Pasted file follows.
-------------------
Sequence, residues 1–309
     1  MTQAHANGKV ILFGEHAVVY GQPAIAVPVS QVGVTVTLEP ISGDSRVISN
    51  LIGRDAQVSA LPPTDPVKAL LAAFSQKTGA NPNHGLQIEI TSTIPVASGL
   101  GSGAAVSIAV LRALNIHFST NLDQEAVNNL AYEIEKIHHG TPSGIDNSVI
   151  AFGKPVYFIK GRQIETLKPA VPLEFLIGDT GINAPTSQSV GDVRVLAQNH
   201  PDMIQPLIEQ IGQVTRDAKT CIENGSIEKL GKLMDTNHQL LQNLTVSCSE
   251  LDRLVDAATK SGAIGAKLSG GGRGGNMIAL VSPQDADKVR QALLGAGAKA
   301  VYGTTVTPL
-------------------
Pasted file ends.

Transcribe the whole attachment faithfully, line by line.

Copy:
Sequence, residues 1–309
     1  MTQAHANGKV ILFGEHAVVY GQPAIAVPVS QVGVTVTLEP ISGDSRVISN
    51  LIGRDAQVSA LPPTDPVKAL LAAFSQKTGA NPNHGLQIEI TSTIPVASGL
   101  GSGAAVSIAV LRALNIHFST NLDQEAVNNL AYEIEKIHHG TPSGIDNSVI
   151  AFGKPVYFIK GRQIETLKPA VPLEFLIGDT GINAPTSQSV GDVRVLAQNH
   201  PDMIQPLIEQ IGQVTRDAKT CIENGSIEKL GKLMDTNHQL LQNLTVSCSE
   251  LDRLVDAATK SGAIGAKLSG GGRGGNMIAL VSPQDADKVR QALLGAGAKA
   301  VYGTTVTPL